Analyst predictions for cuts to fall base borrowing deepen for small and mid-cap exploration and production companies that depend on banker credit and support.
Small and mid-cap exploration and production (E&P) companies have been bracing for the fall recalculation of their bank lines of credit since the post-spring markets continued to leave oil in the ground and commodity prices on the floor.
And an industry brief from Raymond James and Associates suggests the cuts could be much deeper than those earlier this year.
“We think fall borrowing base redeterminations will likely be more punitive this fall, leading to a 15 to 20 percent reduction in overall U.S. E&P bank credit facilities,” the analysts said in an Oct. 12 brief.
Taking into account that company hedge books continue to fall off; proved undeveloped (PUD) reserves are likely to drop with the slowdown in drilling; the government is getting involved; and a general lower price deck, RayJa said borrowing bases could drop an average of up to a quarter.
“Depending on the outcome of this process, we could see the fall redetermination potentially kick off a wave of mergers, property deals and even some corporate restructuring,” they said.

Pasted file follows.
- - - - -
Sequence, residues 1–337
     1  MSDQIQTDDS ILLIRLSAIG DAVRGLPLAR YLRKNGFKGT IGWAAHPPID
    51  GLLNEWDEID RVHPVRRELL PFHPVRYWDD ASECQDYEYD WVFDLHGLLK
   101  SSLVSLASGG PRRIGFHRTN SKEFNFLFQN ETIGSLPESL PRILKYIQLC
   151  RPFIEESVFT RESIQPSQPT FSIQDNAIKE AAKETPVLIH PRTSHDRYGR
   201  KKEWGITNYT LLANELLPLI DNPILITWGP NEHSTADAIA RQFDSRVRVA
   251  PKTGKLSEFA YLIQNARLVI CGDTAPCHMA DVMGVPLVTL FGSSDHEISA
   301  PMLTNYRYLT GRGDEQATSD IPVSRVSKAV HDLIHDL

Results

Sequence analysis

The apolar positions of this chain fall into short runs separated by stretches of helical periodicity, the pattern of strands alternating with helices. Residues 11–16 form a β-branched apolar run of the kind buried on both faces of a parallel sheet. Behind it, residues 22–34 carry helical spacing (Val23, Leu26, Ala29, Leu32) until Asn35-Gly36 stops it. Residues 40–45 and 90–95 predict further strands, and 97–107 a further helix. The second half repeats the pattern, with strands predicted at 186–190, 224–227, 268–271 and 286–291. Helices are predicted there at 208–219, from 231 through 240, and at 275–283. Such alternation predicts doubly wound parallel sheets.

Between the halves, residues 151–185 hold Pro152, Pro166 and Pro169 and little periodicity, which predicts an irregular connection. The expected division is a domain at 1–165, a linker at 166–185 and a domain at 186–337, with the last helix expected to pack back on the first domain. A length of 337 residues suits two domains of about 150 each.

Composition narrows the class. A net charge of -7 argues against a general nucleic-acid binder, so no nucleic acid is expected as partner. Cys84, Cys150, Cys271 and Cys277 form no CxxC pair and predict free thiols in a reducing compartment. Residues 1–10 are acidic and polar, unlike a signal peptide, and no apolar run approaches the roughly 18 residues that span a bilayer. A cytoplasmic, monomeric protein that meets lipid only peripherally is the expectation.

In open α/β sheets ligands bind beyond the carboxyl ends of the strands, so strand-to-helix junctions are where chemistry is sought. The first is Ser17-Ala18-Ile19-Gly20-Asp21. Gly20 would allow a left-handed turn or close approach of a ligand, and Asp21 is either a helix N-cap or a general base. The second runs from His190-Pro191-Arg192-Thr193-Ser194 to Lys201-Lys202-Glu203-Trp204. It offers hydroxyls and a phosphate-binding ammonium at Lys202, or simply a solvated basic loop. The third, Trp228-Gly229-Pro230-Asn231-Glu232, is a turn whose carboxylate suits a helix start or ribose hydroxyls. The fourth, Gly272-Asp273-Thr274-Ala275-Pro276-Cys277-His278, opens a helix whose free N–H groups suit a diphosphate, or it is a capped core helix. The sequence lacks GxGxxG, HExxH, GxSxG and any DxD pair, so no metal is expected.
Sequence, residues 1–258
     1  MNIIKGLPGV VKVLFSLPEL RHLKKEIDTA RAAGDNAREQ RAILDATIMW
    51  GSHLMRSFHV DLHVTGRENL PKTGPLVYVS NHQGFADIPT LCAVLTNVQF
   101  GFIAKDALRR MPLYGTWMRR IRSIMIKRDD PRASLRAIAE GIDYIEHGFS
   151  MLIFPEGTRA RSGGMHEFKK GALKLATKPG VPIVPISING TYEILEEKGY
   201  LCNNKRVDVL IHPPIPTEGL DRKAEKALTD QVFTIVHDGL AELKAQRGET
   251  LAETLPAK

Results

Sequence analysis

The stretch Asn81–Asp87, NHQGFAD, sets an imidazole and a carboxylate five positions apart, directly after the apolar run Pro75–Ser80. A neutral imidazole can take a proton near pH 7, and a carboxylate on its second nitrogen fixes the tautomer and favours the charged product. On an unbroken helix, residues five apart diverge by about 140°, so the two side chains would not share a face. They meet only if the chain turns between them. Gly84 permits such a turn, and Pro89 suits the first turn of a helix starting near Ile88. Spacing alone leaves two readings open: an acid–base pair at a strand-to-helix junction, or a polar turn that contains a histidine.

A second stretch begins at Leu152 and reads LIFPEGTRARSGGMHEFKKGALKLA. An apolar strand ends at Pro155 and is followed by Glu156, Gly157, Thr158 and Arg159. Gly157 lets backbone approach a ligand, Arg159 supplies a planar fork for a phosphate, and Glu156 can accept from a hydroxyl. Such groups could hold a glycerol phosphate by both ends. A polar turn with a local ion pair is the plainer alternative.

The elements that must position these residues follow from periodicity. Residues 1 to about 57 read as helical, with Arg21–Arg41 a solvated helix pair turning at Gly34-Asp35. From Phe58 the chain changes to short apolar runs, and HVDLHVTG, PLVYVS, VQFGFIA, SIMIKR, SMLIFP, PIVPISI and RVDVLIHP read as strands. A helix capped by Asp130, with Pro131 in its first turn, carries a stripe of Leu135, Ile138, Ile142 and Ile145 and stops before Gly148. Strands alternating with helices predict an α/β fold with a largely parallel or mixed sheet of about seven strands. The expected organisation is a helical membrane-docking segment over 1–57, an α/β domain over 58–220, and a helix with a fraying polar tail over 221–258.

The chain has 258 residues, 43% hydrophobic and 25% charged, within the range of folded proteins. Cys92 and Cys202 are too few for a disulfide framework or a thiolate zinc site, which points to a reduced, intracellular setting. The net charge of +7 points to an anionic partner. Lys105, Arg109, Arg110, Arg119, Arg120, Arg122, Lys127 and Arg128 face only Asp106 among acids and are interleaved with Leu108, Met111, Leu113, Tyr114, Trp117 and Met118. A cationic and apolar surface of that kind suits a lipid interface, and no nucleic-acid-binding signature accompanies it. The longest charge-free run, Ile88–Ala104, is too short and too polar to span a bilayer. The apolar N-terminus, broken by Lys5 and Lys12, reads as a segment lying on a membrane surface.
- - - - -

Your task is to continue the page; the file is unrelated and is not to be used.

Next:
Generally, companies haven’t been keen on selling assets at bargain basement prices, but if the RayJa theory holds up, their choices are diminishing. Insiders have said that expected mergers and acquisitions activity has been on a slow roll, but third and fourth quarter activity may change that.
Back in the spring, bankers cut many companies some slack, likely anticipating a rebound in oil prices. The average borrowing base valuations dropped a typical 12 percent in the spring. Some bankers, lawyers and analysts have predicted a similar decline in credit this fall. But others have taken a more somber view, suggesting declines of more than 30 percent. And oil prices, if consistent, are in an opt-repeated “lower for longer” mode.
This biannual credit check is rarely on the energy finance community’s radar. As RayJa explained, it’s a regular process in which banks revise their price and volume assumptions to decide how much debt they’re willing to give an E&P company.
“Usually it is not a big deal because it would take a significant move in either price or volume to change the debt limit. Given the large decline in oil prices, combined with the slowdown in drilling activity over the past year, it is a big deal now because reserve values are falling sharply,” RayJa said.
What’s more, even if oil prices steady or bounce back, RayJa said these companies are set up for more borrowing base cuts.
“While this fall’s borrowing base determination season will be uncomfortable for some, we likely have not reached the bottom of borrowing base reductions,” they said.
Problems this year become real trouble when you throw in declines in domestic oil production based on dramatic cuts in capital expenditures; six moth hedge values fall off the books; and banks becoming more conservative.
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